In Brief: Art Exhibitions March

#InBrief brought to you by BREATHE NEWS brings you all the info in world with limited time. Every month Breathe News publishes InBrief articles on upcoming events in and around London from festivals, fashion weeks to books an art exhibitions. Stay tuned!

By Catherine de Guise
Contact: deguisec.breathenews@gmail.com

What: Victorian Giants: The Birth of Art Photography
Where: National Portrait Gallery
When: 1 March – 20 May

Brief summary: The exhibition celebrates, and looks at the relationship between, four early photographers: Lewis Carroll, Julia Margaret Cameron, Oscar Rejlander and Lady Clementina Hawarden. It showcases their radical attitudes towards photography that have shaped artistic practice since, featuring breathtaking images and striking portraits of some famous sitters such as Charles Darwin, Alice Liddell, Dante Gabriel Rossetti and Alfred, Lord Tennyson.

What: The Classical Now
Where: King’s College London
When: 2 March – 28 April

Brief summary: The exhibition feature classical, modern and contemporary works, pairing the works to explore the way in which Graeco-Roman art has influenced and captivated the modern imagination. It traces classical presences in the works of 30 artists including Henry Moore, Pablo Picasso, Damien Hirst, Grayson Perry and Rachel Whiteread.

What: Picasso 1932 – Love, Fame, Tragedy
Where: Tate modern
When: 8 March – 9 September

Brief summary: The exhibition focuses on the year 1932 – known as Picasso’s ‘year of wonders’ – revealing month by month the work he produced and offering glimpses into his personal life.


What: Somewhere In Between

Where: Wellcome Collection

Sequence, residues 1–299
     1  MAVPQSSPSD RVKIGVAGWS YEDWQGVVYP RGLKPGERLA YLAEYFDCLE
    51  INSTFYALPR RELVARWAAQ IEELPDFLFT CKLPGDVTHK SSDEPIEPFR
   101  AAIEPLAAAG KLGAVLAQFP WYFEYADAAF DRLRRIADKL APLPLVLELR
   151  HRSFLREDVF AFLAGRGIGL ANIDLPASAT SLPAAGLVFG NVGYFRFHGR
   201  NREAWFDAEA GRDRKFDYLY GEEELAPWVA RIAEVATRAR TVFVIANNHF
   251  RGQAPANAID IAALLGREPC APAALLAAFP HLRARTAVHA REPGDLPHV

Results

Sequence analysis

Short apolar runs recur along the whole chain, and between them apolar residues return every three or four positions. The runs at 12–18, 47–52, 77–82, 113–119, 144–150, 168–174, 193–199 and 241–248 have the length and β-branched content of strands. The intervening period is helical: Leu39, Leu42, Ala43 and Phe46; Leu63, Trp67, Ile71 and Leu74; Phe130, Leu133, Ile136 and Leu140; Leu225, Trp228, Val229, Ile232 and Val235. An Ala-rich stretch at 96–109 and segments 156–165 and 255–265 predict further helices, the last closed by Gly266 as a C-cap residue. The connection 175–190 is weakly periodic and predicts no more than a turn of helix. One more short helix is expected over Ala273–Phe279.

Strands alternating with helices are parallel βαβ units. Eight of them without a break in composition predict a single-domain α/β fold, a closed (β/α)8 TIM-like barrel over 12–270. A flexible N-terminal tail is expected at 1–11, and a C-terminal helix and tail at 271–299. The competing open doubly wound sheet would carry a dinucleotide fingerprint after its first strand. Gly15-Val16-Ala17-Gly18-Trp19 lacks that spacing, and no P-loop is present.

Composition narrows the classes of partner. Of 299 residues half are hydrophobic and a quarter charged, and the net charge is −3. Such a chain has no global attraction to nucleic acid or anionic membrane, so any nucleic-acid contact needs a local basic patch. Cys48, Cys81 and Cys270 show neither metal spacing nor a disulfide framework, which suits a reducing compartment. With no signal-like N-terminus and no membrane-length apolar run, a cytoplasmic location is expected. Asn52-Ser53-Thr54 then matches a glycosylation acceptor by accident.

When: 8 March –27 August

Brief summary: The exhibition brings together the works of four contemporary artists who have collaborated with scientists to explore important aspects of human life. It examines the blurred area between art and science through immersive installations.

What: Joan Jonas
Where: Tate modern
When: 14 March – 5 August

Brief summary: The exhibition celebrates the work of American Video and Performance artist Joan Jonas in the largest exhibition of Jonas’ work in the UK. It showcases her early works from the late 1960s alongside recent installations that deal with current themes such as climate change and extinction. Her work is explored through exhibition galleries, film screenings and installations, showing landmark pieces including Organic Honey, The Juniper Tree and Reanimation.

What: Tacita Dean: STILL LIFE
Where: National Gallery
When: 15 March – 28 May

Brief summary: This exhibition forms part of an unprecedented collaboration between three of the most prominent galleries in the country: the National Gallery, National Portrait Gallery and Royal Academy of Arts, as they celebrate the work of contemporary visual artist Tacita Dean. The National Gallery’s show explores still life from the perspective of Dean, a leading figure in the genre. It features her own work and that of her contemporaries, examining the genre’s legacy within the history of art and demonstrating its continued importance.

What: Tacita Dean: PORTRAIT
Where: National Portrait Gallery
When: 15 March – 28 May

Brief summary: This exhibition focuses on portraiture primarily through the medium of 16mm film. It is the first exhibition at the National Portrait Gallery to be devoted to video. It will display Dean’s film portraits of influential figures such as Merce Cunningham, Claes Oldenburg and Cy Twombly and David Hockney.

What: Pier Paolo Calzolari
Where: White Cube
When: 21 March –5 May

Brief summary: The exhibition showcases Calzolari’s paintings, sculptures and installations from the past five decades. Calzolari makes use of organic materials such as salt, lead, tobacco leaves, moss and burnt wood in his work. He was originally associated with the ‘Arte Povera’ movement and is considered to be a pioneer of performance art.


What: America’s cool modernism

Where: Ashmolean
When: 23 March – 22 July

Brief summary: The exhibition will be the first to explore the ‘cool’ in American art, with the works on display sharing a smooth, clean appearance and an air of apparent detachment. It showcases the art of the roaring 1920s and of the Great Depression in the 1930s, from experiments in abstraction by artists such as Georgia O’Keefe to strict precisionist paintings of Charles Sheeler and Charles Demuth.

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